Interaction Design | Visual Design
How might older adults understand and adapt to their changing circumstances?
Washington University's Occupational Therapy Program approached our class to improve a screening tool intended to increase older adults' awareness of strategies and resources that may be used to age successfully. My team, which included a computer scientist, a business student, an architect, and myself, transformed their inefficient paper screener into an iPad app that provided real-time results and entered adults into an opt-in social network after the screener was complete. Visual Design by Emma Riley. Interaction Design by Emma Riley, Stephanie Mertz, Sam Landay and Lawrence Chen. Presentation deck written and designed by Lawrence Chen. Completed as part of Interaction Design: Understanding Health and Well-Being under the mentorship of Enrique Von Rohr.
Not sure what Occupational Therapy is? Don't worry, we weren't too sure either before this project began. According to the American Occupational Therapy Association, Occupational Therapists "help people across the lifespan to do the things they want and need to do through the therapeutic use of daily activities (occupations). Common occupational therapy interventions include helping children with disabilities to participate fully in school and social situations, helping people recovering from injury to regain skills, and providing supports for older adults experiencing physical and cognitive changes."
We began with a project brief from Washington University's Occupational Therapy (WU OT) program. The brief contained the guiding question, "How might we empower older adults to make better decisions and healthy choices about what leads to successful aging?"
We were also provided with copies of the paper screener that WU OT wanted to improve, and a paper detailing their long-term goals for the program. The original screener, shown below, was 26 pages long and appeared to be an amalgamation of several different assessments.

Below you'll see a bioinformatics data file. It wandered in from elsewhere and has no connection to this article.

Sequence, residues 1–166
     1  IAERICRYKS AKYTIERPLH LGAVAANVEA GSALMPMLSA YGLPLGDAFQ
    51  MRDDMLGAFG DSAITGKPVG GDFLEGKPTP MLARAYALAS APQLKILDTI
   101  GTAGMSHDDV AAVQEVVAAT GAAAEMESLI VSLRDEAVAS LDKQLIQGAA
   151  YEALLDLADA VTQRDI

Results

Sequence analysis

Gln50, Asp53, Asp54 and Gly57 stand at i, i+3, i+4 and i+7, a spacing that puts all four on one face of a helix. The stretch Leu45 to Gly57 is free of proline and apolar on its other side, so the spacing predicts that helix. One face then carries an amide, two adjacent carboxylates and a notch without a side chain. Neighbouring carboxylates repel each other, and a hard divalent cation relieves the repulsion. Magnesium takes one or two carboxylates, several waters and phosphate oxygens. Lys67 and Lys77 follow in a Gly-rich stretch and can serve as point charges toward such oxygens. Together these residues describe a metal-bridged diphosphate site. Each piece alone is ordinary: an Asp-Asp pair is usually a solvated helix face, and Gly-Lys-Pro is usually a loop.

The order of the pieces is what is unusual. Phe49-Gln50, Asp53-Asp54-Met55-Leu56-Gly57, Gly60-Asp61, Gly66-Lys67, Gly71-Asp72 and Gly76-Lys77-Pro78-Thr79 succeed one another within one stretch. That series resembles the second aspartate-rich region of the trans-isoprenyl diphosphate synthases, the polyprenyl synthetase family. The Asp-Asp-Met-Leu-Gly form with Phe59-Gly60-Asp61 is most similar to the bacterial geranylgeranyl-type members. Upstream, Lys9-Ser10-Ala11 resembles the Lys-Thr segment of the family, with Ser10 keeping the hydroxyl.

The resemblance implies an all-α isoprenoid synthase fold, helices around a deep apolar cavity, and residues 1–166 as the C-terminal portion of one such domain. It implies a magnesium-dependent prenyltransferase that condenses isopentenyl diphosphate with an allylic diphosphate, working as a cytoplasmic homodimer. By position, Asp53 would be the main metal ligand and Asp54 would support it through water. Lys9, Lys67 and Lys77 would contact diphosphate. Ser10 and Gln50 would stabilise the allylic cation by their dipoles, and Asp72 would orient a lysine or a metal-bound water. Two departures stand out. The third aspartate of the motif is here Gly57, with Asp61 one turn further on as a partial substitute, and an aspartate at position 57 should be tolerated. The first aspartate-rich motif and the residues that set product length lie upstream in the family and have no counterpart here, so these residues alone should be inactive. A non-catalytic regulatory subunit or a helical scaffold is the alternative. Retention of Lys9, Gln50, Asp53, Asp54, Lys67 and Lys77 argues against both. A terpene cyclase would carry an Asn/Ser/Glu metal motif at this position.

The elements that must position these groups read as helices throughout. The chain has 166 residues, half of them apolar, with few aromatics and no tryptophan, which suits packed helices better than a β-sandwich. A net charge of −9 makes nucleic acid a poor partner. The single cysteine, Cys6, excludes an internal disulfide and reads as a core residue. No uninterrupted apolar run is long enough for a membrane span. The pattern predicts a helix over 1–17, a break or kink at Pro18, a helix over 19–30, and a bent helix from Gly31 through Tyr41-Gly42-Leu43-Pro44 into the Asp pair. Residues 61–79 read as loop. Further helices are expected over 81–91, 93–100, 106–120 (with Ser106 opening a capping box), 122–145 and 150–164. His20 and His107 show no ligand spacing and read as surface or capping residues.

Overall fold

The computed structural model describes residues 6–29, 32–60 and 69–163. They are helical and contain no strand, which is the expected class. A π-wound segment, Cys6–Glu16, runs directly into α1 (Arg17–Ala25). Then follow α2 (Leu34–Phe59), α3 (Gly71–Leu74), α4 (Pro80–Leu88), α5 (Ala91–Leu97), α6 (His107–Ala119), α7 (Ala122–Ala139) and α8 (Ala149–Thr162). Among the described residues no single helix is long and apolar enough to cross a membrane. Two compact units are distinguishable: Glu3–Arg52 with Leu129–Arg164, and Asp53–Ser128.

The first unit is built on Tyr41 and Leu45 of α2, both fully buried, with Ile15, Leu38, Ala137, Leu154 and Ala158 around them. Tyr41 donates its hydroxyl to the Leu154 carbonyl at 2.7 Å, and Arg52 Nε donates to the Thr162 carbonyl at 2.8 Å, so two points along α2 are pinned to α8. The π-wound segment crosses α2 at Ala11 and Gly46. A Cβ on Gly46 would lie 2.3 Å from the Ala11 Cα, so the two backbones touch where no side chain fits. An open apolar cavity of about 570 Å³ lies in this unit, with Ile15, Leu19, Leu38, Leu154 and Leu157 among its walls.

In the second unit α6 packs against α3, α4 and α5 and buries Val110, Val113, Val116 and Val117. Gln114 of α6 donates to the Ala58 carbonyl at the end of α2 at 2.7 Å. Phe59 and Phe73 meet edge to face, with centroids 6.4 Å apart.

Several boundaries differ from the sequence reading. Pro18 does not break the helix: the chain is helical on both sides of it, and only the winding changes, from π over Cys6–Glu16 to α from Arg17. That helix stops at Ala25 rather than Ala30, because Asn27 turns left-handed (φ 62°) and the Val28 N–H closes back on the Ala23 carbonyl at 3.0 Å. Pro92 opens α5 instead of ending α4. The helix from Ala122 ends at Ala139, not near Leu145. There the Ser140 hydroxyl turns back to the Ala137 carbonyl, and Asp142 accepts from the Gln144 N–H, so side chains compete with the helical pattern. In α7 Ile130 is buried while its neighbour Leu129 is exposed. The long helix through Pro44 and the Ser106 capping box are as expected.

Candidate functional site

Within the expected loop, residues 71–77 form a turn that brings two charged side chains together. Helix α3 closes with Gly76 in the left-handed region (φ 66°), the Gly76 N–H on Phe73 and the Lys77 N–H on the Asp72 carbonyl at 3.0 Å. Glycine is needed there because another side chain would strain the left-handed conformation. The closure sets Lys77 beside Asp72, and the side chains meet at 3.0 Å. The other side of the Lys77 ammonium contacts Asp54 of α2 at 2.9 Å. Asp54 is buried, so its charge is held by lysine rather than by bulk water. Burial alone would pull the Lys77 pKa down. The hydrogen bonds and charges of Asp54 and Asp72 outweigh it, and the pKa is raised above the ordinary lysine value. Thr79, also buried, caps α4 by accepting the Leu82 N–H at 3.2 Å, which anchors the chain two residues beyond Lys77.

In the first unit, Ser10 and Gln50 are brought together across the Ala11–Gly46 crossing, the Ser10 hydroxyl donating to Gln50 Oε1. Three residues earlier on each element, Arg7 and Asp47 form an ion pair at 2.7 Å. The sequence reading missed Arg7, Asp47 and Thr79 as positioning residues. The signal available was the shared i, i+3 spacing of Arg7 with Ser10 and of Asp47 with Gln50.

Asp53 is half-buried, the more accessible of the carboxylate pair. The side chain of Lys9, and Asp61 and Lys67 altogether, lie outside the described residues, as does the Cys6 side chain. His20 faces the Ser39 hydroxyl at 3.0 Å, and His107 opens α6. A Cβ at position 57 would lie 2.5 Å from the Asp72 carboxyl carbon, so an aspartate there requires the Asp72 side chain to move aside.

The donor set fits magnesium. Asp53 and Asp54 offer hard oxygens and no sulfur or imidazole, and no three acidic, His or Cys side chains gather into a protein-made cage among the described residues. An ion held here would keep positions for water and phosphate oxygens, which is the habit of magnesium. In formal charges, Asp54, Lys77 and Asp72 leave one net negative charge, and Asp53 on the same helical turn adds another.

Meeting with Pat and Robin
After reviewing the materials, we had a better understanding of WU OT's goals for the screening tool, but we were unsure how a screener could do all that they wanted it to, and we were unclear what problem they were trying to solve. We met with Pat Nellis and Robin Hattori from WU OT in person to gain further clarity.
Insight: Larger audience than stated by Robin and Pat
We realized after talking to Pat and Robin that the screener was not just for adults experiencing health issues. They wanted the screener to serve as a tool for adults across a wide range of health levels and ages, from ages 50 all the way to 100 or more. This meant that ideally the screener would be flexible, tailoring questions to individual participants.
Insight: Didn't want the screener to be deficit focused
Robin and Pat emphasized that they did not want the screener to be deficit focused. Aging is a sensitive and frightening topic for many of the adults they deal with. They wanted the screener to provide opportunities, not just point to limitations. This insight drove my decision to give the screener a persona and to make the screener feel more friendly.